Good Furniture for Shooters

I'm not going to write about Chippendale cabinetry; this is a post for manly men and women. The subjects are a portable benchrest that is quite unusual and a reloading bench that is of the first order.

All the portable benchrests I've seen and used make at least some effort to be lightweight, compact, and adjustable. This is nice, but the price you pay for these features is tremors, shakes, wobbles, palpitations, gyrations, and vibrations. This stuff does not help you shoot good.

On the other hand, there is the bench made by Stukeys Sturdy Shooting Benches in Powell, WY (pictured above). It is not light. The combined weight of the top and the three legs is close to 70 pounds. (I knew it had arrived at my house because I heard a tremendous crash in my garage. When I got there, I found the box and a note from the UPS driver that said: "If you ever do this to me again I'll pull your brains out through your nose." Not to worry; Stukey does a beautiful job of packing; you might pause to admire it before you take the box apart.) The SSSB does not adjust. There is nothing that can loosen, wobble, flex, or quake. If you would like something to compare it to, I suggest the Hoba meteorite in Namibia, which weighs 60 tons. The legs will handle any kind of reasonably flat surface, but if you wish to shoot on the slopes of Mt. Everest you will do well to look for something else.

The SSSB does set up and taken down quickly because it's extremely simple. And then it is as inert as Congress, no matter what you or your rifle do. It is as steady as any permanent concrete bench I have shot off. I fired a .375 H&H from it and the SSSB did not budge an iota. The bench comes with an optional leg caddy which I highly recommend, since it keeps the massive legs in a tidy bundle. It ain't cheap, but boy is it solid. You can get it from Brownell's or from info@shootingbenches.com.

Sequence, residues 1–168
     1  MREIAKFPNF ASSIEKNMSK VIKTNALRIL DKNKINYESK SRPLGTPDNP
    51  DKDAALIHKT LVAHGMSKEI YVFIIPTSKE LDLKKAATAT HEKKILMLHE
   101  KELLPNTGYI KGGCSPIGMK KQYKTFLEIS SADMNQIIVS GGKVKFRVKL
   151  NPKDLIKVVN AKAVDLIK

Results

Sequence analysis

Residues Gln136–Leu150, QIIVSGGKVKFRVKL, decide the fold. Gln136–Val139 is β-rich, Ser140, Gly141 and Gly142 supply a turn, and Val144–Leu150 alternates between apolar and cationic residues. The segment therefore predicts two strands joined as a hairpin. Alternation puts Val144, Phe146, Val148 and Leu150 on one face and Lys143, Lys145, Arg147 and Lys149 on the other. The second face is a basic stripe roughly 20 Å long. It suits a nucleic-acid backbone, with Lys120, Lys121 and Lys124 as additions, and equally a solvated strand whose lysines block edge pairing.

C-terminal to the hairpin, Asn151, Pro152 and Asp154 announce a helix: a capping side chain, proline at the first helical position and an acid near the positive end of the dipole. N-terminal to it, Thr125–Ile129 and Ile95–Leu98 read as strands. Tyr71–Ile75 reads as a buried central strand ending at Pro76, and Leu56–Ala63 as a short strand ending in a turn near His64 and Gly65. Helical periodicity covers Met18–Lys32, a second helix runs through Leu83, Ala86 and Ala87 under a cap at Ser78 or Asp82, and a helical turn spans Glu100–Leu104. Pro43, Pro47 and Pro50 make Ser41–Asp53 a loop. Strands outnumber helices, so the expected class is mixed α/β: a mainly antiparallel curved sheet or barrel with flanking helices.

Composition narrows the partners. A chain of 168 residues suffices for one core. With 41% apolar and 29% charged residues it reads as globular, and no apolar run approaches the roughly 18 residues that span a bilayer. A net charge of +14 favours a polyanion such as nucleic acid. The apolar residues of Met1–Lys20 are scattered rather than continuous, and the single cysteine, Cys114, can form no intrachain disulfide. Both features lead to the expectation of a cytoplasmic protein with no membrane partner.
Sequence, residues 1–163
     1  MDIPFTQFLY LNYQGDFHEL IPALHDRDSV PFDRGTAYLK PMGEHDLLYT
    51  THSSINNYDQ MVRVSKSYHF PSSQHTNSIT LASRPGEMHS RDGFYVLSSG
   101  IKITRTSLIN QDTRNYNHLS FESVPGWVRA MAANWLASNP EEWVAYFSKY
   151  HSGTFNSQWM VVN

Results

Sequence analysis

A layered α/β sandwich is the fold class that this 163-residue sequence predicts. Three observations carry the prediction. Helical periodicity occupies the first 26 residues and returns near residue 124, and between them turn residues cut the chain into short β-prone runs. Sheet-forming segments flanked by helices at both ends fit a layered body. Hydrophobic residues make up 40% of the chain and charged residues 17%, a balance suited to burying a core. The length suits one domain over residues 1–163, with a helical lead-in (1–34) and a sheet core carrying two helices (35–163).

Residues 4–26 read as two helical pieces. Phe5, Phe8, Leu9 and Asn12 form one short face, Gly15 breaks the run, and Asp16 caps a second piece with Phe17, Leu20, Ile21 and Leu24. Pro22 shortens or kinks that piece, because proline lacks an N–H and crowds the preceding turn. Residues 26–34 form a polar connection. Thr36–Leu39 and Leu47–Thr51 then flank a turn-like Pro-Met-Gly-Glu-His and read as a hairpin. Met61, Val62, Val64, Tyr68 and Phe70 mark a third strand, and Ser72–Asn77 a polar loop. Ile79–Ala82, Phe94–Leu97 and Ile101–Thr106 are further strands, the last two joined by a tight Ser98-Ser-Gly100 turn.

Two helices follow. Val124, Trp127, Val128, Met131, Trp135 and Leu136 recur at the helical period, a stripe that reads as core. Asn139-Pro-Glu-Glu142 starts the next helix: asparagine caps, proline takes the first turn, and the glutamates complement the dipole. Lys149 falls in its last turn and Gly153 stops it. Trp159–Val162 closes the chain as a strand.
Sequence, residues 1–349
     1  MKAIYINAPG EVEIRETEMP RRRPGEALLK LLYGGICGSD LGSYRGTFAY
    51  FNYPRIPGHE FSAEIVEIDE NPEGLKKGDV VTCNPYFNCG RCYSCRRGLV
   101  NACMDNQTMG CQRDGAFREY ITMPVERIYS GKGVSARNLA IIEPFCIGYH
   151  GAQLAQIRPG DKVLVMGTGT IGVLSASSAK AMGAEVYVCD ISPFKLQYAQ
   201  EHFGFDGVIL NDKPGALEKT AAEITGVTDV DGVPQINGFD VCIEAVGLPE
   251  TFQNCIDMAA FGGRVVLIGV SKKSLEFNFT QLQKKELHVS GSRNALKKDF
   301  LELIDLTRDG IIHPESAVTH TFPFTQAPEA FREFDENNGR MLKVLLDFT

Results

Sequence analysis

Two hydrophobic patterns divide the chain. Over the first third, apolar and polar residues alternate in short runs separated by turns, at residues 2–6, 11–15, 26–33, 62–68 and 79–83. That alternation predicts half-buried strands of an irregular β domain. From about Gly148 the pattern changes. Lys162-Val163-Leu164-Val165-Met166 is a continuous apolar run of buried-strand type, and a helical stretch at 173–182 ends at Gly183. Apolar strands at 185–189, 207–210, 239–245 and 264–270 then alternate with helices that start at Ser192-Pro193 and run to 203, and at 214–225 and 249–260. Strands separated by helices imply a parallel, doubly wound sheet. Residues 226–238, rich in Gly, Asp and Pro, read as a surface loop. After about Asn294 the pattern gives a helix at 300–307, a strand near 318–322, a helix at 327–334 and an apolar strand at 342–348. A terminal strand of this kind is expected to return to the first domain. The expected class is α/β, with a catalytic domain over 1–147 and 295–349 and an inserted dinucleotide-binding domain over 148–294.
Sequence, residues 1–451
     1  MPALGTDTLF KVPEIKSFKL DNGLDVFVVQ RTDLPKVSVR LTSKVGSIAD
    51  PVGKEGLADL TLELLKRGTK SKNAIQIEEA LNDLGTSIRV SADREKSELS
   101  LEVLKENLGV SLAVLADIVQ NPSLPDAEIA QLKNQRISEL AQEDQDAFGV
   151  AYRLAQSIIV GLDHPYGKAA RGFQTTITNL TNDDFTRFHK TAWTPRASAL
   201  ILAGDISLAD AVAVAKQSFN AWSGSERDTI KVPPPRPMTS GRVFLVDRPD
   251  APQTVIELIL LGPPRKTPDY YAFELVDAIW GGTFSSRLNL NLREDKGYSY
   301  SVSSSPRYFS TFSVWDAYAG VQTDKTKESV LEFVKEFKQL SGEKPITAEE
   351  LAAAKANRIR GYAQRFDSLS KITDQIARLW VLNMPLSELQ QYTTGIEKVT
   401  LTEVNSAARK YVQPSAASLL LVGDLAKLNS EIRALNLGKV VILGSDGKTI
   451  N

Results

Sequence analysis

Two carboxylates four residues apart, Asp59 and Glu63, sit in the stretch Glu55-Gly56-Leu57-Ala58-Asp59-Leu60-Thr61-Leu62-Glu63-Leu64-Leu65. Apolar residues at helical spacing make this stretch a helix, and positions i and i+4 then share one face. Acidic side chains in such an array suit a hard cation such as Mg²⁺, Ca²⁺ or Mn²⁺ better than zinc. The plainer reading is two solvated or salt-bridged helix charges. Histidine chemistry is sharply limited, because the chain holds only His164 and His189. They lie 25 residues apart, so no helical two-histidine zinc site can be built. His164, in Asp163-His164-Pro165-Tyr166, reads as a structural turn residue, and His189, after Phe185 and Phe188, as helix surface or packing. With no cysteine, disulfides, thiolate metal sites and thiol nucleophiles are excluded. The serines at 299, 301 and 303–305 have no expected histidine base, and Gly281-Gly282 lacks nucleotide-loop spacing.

I believe we've established that if you don't reload, especially in these days of ammo shortages, you need a checkup from the neck up because there's something the matter with you. But in any event, if you're just getting into reloading, one of the things that you'll discover, and fast, is that you need a strong bench on which to mount your press. This is because loading presses are heavy, and the forces you exert on them are considerable, and this kind of strain, applied to the average bench, will tear it to flinders and shards.

Since most people have limited space in which to roll their own ammo, size is a consideration as well. The neatest solution to the problem that my rheumy eyes have seen is the Bald Eagle Reloading Bench, which is sold by Brownell's. It's made of laminated birch in butcher block style, measures 54"x 21", is a yard tall and has an accessory shelf mounted on its legs. It's very, very solid, and a handsome piece of furniture as well. Drilling into it to install your press is as painful as drilling into your forearm, although less bloody. Some assembly is required, but the directions were written by someone whose first language is English, and everything fits together very quickly and very neatly. It ain't cheap. So what. To get a look, click here.

While we're on the subject, you should also spend $41 on the RCBS Accessory Base Plate-2. This is an unattractive metal casting that mounts between your press and your bench. It has pre-drilled holes for RCBS presses, and you can drill your own holes if you have something else. It takes the strain off the top of your bench and puts it on the Base Plate, giving you a much more rigid installation than you would get otherwise. I had one under my Bonanza Co-Ax press for something like 30 years and never even had to tighten the nuts. Go to RCBS.com.